Entitled +quot;Questions and the answer for chronologists+quot;, this is taken from the mo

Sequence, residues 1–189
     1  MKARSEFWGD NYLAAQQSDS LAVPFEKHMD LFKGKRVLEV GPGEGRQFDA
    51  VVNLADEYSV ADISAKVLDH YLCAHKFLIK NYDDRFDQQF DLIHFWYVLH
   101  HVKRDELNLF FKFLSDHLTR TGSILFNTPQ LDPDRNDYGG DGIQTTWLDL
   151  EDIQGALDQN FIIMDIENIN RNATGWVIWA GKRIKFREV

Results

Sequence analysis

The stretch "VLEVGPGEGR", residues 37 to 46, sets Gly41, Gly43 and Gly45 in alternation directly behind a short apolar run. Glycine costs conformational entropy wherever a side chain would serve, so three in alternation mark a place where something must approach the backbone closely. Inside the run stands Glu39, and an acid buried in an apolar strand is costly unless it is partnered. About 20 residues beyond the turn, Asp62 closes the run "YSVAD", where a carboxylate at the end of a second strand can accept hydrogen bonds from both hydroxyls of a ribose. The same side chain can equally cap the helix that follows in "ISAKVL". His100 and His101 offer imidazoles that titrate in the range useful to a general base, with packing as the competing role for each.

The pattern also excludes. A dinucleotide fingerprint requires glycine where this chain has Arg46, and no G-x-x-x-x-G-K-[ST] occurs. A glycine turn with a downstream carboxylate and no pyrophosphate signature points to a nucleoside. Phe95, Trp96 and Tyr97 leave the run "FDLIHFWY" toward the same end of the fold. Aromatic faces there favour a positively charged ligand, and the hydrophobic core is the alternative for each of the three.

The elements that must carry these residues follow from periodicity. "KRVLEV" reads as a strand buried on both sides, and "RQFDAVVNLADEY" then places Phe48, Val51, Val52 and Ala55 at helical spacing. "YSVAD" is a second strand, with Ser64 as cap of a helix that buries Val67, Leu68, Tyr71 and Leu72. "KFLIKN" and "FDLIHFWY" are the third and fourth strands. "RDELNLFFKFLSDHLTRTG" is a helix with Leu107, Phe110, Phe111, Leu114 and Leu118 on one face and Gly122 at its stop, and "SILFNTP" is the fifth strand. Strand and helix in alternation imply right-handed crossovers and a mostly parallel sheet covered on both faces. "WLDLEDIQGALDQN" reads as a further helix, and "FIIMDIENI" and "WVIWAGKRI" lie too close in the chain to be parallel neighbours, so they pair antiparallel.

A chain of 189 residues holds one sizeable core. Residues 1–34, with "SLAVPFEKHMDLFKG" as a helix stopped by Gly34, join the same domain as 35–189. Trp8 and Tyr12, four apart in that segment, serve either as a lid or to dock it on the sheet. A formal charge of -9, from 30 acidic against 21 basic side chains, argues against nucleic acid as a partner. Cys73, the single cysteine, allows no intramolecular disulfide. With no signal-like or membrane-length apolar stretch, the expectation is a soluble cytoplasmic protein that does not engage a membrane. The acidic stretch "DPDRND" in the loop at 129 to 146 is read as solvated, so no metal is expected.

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Entitled "Questions and the answer for chronologists", this is taken from the most recent issue of "New Scientist" Review of "The Age of the Earth", by G. Brent Dalrymple, Stanford Univ. Press, 474 pages. $49.50 (Typos are mine!) How old is our planet? The answer, "four and one-half billion years", is in the first sentence in Brent Dalrymple's story of how scientists have deduced the age of the Earth. The events that led Dalrymple to write the book are rooted in the creationist, pseudo-science controversies of the American law courts, and this in itself makes an interesting tale. Dalrymple is an accomplished geochronologist who was retained as a witness by the State of California in 1980, defending against a civil suit brought by creationists who objected to the teaching of evolution as fact in public schools. The state had assembled a formidable panel of scientific expertise, and although ultimately never called upon, Dalrymple acquired a reputation as a scientist who was willing and able to debate the creationist issue in legal proceedings, informal seminars, and the press. Be aware, though, that this book is not a philosophical or theological debate; it is a well-informed scientific textbook based on the author's painstaking background research in a number of fields. By starting with "The Answer", Dalrymple sets out his stall. This was a wise move; it would take an extraordinary writer to maintain the suspense of a whodunit through the development of theories and techniques pertaining to a single question in earth sciences, however fundamental. The answer has been hard-won down the centuries, however, and a wide variety of disciplines have been brought to bear upon the question. Early attempts to deduce or estimate the age of the Earth from the first main section of the book, and provide some of the most entertaining reading. James Ussher's celebrated biblical chronology of 1650, which placed Creation in the evening of 22 October 4004 BC, was by no means the earliest recorded "Answer". About 2000 years before Ussher, the Hindu priesthood decided that creation had occurred 2 billion years ago. The accuracy of this guess was unsurpassed until the 20th Century. Biblical chronologies are all good fun, but the real entertainment from a modern perspective comes with the work of 19th-century scientists, such as Lord Kelvin, whose estimates were based on observational data and sound physical principles. Physicists calculated the cooling rate of the Earth and the effects of orbital forces, while geologists, who trusted their own observations rather than the mathematical juggling of the establishment, appealed to erosion and sedimentation rates. They were all spectacularly wrong because they had misunderstood processes, guessed starting conditions and overstated the certainty of their assumptions. In some cases, they were soundly criticised on these grounds by their contemporaries. Ironically, much modern scientific debate revolves around the same criticisms. Perhaps we should take a lesson from the authors who claimed their work to be no more than "wild speculation", yet whose answer is often all that remains in the popular perception about the age of the Earth. Ultimately, the age of the Earth and everything in it can only be addressed by radiometric dating. As a background to the main substance of the story, modern radiometric methods are explained in a chapter that is as clear and concise as any I have read. Here the book stops being journalism and gets its teeth into the subject; lead isotope systematics are tortuous enough for those of us who deal with them daily, and Dalrymple has probably made this process as accessible as possible. Although all the principal dating methods are described, we find out that the whole story hinges on the decay of uranium to lead. A chapter relates the oldest rocks found on the Earth, and here the diversity of techniques available to the modern geochronologist becomes invaluable, giving us a minimum age constraint that is bolstered by data from lunar samples. Another chapter introduces the meteorites, the oldest and most primitive rocks available to scientists, which are crucial to the story because the "age" of the Earth really means the time at which the matter of the Solar System first segregated into discrete bodies. The chapter devoted to lead isotopes just about wraps things up, but there follows a brief account of astrophysical methods by which the age of the Universe has been estimated, as well ant that is bolstered by data from lunar samples. Another chapter introduces the meteorites, the oldest and most primitive rocks available to scientists, which are crucial to the story because the "age" of the Earth really means the time at which the matter of the Solar System first segregated into discrete bodies. The chapter devoted to lead isotopes just about wraps things up, but there follows a brief account of astrophysical methods by which the age of the Universe has been estimated, as well ant that is bolstered by data from lunar samples. Another chapter introduces the meteorites, the oldest and most primitive rocks avail

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